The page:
1:58:35 – 2:06: 44 — Act IV proper begins with the excruciating “Selektion” sequence. There is a “new shipment” of workers coming in to the camp, and Goth needs to winnow out the deadwood from Plaszow. He could be a manager at any large factory, faced with redundancy and needing to cut staff. The only difference is that instead of laying off redundant workers, he’s sending them off to Auschwitz to be murdered.

As with the previous three acts, this one begins with another roll call, another row of folding tables, another list of names. The “list of names” motif becomes a kind of incantation, each name a life. As we begin to associate names with faces the enormity of the tragedy begins to form in our minds.

As Nazi doctors inspect the teeth and muscles of the naked Jews on the camp assembly ground, another doctor examines Goth up on the back porch of his house. It’s as though Goth is saying “See? I have to undergo this process too, I’m no better than you.” Goth’s girlfriend, who was so appalled to see him shooting Jews from this same porch back in Act III, here comes out in her silk pajamas to adore Goth and his bloated, doughy physique. Later, Goth puts on a shirt (but not the rest of his uniform) to go oversee his workers work. At first it looks like he’s merely a stickler for details, but as his activities come into focus we realize that he’s separating the Schindler Jews from the ones doomed to Auschwitz. In his mind, he’s just upholding his end of his corrupt kickback scheme with Schindler — he doesn’t think any of these people are going to survive the war.

On the list of redundant workers are, apparently, all the children in the camp, and surely one of the most arresting sequences in this movie of arresting sequences is a kind of “liquidation in miniature” as we follow a boy in a cap, who we’ve only glimpsed before in Act I, as he tries to find a hiding place somewhere in the camp. As Spielberg indulges in a dependable emotional sucker-punch, mothers separated from their children, the boy tries to hide in a half-dozen places before finally ending up under a barracks latrine, chest-deep in human waste — only to find the space already occupied by a half-dozen other children, the “girl in glasses” among them. Like the scene with Levertov in the previous act, the “boy in the cap” sequence is so unbelievable that I’m inclined to believe it. The movie is asking us to believe that these escaped children ran from guards, hid, and then somehow escaped detection until they were able to get out of the camp? And yet, they do.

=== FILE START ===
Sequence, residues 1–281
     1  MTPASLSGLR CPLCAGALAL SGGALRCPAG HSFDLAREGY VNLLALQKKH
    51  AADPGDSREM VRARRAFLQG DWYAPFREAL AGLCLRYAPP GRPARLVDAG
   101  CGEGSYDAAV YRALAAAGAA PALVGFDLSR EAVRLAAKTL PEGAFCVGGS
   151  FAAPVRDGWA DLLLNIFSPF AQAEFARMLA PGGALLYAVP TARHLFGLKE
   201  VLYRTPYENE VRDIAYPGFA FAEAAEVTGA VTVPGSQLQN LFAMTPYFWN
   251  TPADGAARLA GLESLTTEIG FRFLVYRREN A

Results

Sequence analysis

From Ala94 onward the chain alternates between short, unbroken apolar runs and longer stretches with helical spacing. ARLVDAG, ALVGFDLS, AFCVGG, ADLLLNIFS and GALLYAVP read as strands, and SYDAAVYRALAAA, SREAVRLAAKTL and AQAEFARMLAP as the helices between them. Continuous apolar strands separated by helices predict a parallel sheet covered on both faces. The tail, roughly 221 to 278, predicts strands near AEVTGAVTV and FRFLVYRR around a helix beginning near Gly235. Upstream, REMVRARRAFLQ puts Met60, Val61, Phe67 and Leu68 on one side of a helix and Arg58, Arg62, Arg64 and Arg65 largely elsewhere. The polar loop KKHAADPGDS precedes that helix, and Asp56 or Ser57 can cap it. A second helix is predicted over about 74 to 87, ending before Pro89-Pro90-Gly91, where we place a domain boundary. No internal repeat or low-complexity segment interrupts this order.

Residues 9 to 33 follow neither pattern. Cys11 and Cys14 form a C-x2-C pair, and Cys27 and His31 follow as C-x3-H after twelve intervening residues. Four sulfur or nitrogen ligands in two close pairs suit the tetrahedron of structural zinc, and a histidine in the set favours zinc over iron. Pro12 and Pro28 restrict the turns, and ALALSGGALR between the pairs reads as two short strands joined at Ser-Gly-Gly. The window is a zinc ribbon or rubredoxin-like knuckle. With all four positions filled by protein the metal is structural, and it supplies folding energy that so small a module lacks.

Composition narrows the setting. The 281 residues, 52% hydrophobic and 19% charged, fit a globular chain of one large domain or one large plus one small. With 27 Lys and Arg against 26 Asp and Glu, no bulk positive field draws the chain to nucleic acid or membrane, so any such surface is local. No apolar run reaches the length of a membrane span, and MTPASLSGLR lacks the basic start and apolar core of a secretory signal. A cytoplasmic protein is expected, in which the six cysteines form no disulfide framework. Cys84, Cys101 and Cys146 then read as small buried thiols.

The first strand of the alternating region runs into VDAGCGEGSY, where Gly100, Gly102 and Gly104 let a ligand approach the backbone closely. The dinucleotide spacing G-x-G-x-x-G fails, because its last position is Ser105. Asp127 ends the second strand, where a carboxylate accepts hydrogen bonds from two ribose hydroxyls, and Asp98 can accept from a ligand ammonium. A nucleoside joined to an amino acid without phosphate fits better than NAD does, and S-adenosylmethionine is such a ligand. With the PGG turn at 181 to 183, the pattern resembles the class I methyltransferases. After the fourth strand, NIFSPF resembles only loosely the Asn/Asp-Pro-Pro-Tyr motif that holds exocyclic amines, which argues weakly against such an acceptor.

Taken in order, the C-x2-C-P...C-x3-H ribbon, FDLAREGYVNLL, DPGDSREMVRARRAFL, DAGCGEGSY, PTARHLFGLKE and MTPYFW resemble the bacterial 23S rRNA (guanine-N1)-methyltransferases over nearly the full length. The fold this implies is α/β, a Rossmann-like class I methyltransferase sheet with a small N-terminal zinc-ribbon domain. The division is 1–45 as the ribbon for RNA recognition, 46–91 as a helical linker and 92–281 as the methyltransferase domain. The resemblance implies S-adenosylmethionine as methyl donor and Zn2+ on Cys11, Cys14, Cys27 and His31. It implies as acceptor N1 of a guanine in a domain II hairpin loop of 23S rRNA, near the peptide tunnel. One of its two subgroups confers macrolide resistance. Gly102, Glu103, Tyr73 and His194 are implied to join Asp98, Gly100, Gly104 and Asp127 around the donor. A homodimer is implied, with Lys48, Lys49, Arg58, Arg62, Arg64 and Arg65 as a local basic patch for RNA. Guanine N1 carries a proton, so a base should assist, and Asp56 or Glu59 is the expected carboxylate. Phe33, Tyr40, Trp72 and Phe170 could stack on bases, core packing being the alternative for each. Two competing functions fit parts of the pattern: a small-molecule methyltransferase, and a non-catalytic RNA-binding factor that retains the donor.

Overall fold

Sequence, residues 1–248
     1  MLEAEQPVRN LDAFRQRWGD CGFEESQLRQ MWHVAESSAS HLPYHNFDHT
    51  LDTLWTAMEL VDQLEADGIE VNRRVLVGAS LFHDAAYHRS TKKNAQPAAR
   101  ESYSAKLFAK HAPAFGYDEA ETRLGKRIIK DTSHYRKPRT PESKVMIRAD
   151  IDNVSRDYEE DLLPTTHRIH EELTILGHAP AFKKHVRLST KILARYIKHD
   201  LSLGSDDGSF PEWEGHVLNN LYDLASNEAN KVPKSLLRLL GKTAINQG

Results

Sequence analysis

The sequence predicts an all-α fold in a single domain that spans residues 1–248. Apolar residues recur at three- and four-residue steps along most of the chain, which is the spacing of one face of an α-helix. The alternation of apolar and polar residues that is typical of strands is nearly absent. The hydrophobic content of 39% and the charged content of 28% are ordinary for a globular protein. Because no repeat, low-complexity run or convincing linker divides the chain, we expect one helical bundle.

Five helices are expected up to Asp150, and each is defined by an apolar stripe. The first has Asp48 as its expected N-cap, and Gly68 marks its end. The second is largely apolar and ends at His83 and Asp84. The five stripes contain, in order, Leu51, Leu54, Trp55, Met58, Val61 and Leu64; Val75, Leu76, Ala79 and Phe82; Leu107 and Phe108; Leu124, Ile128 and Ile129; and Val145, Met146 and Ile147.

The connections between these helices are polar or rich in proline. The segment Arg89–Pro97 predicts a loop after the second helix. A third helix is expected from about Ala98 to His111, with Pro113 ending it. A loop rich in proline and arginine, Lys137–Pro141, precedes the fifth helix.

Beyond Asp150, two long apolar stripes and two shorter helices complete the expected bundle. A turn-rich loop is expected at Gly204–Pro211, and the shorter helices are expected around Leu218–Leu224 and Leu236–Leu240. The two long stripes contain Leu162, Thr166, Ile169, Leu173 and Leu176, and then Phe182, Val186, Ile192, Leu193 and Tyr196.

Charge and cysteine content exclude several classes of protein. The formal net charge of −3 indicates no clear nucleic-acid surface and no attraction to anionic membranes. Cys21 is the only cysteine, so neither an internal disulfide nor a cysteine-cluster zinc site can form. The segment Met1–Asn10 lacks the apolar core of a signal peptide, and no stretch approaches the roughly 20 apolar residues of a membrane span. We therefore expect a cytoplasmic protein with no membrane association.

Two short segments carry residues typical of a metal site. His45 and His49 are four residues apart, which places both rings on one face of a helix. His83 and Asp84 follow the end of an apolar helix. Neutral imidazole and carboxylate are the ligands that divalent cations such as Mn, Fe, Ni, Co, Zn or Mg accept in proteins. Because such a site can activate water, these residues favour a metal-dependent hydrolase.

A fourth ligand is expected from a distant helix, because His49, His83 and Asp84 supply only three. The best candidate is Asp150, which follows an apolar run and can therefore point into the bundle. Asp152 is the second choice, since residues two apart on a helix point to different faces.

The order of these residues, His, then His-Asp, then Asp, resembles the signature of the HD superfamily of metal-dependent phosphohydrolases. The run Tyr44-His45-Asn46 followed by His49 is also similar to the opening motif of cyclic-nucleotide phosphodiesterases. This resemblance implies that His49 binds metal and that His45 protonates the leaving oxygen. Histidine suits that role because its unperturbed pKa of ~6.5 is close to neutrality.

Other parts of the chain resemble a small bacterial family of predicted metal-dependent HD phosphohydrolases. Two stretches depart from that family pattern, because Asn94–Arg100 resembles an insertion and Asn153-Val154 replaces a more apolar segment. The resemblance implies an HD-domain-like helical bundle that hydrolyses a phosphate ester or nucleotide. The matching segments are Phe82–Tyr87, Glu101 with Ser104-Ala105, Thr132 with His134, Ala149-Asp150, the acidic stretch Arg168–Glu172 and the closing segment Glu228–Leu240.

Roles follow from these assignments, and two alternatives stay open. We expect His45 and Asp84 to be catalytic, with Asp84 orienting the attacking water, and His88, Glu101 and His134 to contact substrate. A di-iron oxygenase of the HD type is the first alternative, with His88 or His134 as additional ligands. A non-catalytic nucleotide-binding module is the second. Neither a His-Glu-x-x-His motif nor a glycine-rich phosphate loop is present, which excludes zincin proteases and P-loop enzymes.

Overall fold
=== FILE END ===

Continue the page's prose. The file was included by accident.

2:06:44-2:10:19 — Schindler stops by the camp, for reasons unrevealed, apparently to hang out with his Nazi pals while the redundant workers are loaded onto train cars bound for Auschwitz. He asks Goth to hose down the train cars, so that the Jews inside might have some water to drink on their way. Goth laughs at the suggestion but goes along with it, saying that Schindler is showing true cruelty by giving the doomed hope. In any case, we see here an incremental shift in Schindler’s attitude, and a desire to do something that will not directly benefit himself. (On the “Holocaust awareness” front, this scene indicates to me that Goth certainly knows at this point that the workers are doomed, and it almost indicates that Schindler knows.)